Foot & Ankle Injuries In Winter Sports

Antonio Ruffoblog

Winter Sports Injuries

From weekend warriors to professional athletes, injuries affecting the bones, muscles, tendons and ligaments are seen everyday in our winter sports. We are going to delve into the common winter sport injuries affecting the lower extremities and discuss strategies for their prevention and management.

Sports Injuries

Common Causes of Injury

  1. Overuse: Overuse injuries occur when a player repeatedly uses a certain part of their body (correctly or incorrectly), causing stress and strain on certain muscles, tendons, and ligaments. These injuries are common in sports that require a lot of high impact movements such as running and jumping

  2. Biomechanical factors: The way your body naturally moves can be placing excessive stress on structures which can lead to injury. This can be due to factors such as overpronation, weakness/tightness in certain muscle groups or a lack of overall mobility
  3. Impact: Impact injuries occur when a player collides with another player or an object, such as the ground or a goalpost. These injuries can cause fractures, sprains, and strains depending on the location and direction of force.

  4. Poor footwear: Wearing shoes that do not provide enough support or are not designed for the specific sport can increase the risk of foot and ankle injuries, particularly ankle sprains.

  5. Playing surface: Playing on hard surfaces, such as artificial turf or concrete, can increase the risk of impact injuries due to the decreased shock absorption capacity.

Common Injuries in Winter Sports

  1. Ankle sprains: Ankle sprains occur when the ligaments that connect the bones in the ankle are stretched or torn. They typically occur when you "roll your ankle" and present with pain on the outside area of your foot and ankle. They are common in sports that involve sudden changes of direction and contact with your feet planted, such as soccer and AFL.

  2. Achilles tendonitis: Achilles tendonitis is inflammation of the Achilles tendon, which connects the calf muscles to the heel bone. It can occur commonly in individuals who have tight calves, those who do not warm up their calves correctly before activity as well as a multitude of other factors. It is prevalent in sports that involve running and jumping, such as soccer and AFL.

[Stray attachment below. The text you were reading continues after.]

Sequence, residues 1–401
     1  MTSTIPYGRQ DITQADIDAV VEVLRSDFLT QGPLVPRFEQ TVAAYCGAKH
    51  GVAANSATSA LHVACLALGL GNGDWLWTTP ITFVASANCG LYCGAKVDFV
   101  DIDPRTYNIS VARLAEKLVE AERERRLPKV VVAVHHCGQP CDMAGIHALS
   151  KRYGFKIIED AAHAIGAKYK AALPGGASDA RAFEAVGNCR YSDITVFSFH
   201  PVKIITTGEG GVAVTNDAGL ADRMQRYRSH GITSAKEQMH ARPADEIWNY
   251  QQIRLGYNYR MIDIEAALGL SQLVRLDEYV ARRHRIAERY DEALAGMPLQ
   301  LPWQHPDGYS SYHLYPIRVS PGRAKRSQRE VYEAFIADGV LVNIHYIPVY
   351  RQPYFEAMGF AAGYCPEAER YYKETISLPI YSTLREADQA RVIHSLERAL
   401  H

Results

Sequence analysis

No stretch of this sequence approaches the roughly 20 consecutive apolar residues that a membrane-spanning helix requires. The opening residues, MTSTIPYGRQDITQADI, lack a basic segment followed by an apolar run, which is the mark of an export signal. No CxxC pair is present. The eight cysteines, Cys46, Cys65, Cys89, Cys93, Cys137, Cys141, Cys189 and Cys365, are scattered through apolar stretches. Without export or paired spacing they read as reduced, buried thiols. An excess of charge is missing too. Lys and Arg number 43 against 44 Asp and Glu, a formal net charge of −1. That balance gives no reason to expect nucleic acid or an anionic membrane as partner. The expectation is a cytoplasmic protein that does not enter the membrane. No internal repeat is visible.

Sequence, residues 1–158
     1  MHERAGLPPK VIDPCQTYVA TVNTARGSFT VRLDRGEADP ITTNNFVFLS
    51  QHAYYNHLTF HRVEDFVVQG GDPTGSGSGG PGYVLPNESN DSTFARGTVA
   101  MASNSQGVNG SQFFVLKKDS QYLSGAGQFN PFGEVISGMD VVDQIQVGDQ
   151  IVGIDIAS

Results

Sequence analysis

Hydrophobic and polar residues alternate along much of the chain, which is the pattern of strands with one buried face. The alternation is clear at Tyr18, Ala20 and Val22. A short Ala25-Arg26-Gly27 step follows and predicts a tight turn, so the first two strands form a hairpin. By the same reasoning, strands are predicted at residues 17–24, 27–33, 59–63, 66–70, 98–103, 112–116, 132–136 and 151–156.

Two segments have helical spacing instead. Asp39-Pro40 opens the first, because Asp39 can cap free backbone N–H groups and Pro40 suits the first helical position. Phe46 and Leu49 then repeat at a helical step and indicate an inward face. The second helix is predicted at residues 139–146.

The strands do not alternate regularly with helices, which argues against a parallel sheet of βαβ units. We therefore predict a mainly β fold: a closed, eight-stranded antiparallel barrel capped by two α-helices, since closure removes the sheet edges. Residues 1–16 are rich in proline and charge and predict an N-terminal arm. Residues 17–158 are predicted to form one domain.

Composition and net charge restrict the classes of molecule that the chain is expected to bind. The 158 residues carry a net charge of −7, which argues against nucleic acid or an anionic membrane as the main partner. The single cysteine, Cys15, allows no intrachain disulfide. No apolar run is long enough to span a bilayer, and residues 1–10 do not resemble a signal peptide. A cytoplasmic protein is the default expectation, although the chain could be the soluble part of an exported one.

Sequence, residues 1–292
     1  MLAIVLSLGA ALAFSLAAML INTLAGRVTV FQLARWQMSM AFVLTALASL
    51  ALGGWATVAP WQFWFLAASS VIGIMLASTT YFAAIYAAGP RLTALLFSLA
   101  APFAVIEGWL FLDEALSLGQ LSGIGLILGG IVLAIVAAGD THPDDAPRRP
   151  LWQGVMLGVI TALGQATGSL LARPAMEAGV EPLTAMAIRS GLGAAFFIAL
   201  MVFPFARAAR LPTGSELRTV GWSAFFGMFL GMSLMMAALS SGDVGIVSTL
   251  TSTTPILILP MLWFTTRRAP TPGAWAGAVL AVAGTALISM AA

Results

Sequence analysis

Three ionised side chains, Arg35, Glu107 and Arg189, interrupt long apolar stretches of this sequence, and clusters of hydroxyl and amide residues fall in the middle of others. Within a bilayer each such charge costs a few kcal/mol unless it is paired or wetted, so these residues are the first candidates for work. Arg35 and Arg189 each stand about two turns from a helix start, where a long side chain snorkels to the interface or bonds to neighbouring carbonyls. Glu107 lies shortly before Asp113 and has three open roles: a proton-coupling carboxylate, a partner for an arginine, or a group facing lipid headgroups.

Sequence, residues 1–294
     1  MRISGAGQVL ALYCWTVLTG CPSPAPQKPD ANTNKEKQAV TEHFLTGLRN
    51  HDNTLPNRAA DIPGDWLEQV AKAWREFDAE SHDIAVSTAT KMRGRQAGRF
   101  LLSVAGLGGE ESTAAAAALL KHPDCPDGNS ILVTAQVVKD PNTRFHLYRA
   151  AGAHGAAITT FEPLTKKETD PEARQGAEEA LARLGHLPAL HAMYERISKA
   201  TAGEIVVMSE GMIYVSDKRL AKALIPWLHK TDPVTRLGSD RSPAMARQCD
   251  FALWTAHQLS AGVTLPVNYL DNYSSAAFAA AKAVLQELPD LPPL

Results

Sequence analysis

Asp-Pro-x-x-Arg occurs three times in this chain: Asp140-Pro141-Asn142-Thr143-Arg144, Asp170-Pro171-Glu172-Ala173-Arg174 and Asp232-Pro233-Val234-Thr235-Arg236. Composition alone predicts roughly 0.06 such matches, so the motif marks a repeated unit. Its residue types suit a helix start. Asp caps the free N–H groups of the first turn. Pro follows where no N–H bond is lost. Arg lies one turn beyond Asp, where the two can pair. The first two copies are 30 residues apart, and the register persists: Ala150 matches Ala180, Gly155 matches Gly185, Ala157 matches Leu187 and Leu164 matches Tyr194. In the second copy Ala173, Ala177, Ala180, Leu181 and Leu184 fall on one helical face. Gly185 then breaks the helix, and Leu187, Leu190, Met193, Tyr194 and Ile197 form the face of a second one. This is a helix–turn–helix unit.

3. Fractures: Fractures occur when one or more bones in the foot or ankle are broken and there are two different types of fractures we see. Firstly, there are fractures that can be caused by high impact collisions that put too much stress on the bone. Secondly, there are stress fractures that occur due to repetitive overuse and are commonly seen along metatarsal shafts in people who are active runners.

Management Methods

  1. RICE: Rest, Ice, Compression and Elevation are crucial to reducing swelling and pain right when an injury occurs. Even if this helps, it is important to still seek medical attention to diagnose the injury and develop an appropriate treatment plan.
  2. Physical therapy: After a soft tissue injury, it is important to begin physical therapy to rehabilitate and improve your strength, flexibility, and range of motion. This is integral to ensuring injuries do not reoccur.

  3. Support: Wearing orthotics, a brace and supportive footwear can help stabilise the affected area, providing the support needed to lower the risk of an injury reoccurring or preventing the injury occurring initially.

  4. Laser treatment: Low Level Laser Therapy can help stimulate healing, reduce swelling and get you back on your feet quicker after an acute or chronic injury.
  5. Shockwave therapy: For those chronic injuries, shockwave therapy applies high-energy acoustic soundwaves that burst through non-healing tissue, disrupting the long-standing nature of the injury and kickstarts the healing process.
  6. Foot mobilisation therapy: Consists of manipulation of your foot by your podiatrist by using their hands to extend, stretch and put your joints through their full range of motion. It is all about resetting the bones in your feet by realigning the joints, activating neuromuscular systems within the foot and creating movement in the muscles and tissues as well.

It's important to note that while acute treatments can help provide relief and promote healing, it's essential to follow a comprehensive treatment plan that includes both acute and long-term management strategies to prevent reinjury and promote overall foot and ankle health. At The Foot Clinic, we can help diagnose your injury and develop an appropriate treatment plan based on the severity of your injury and your individual needs.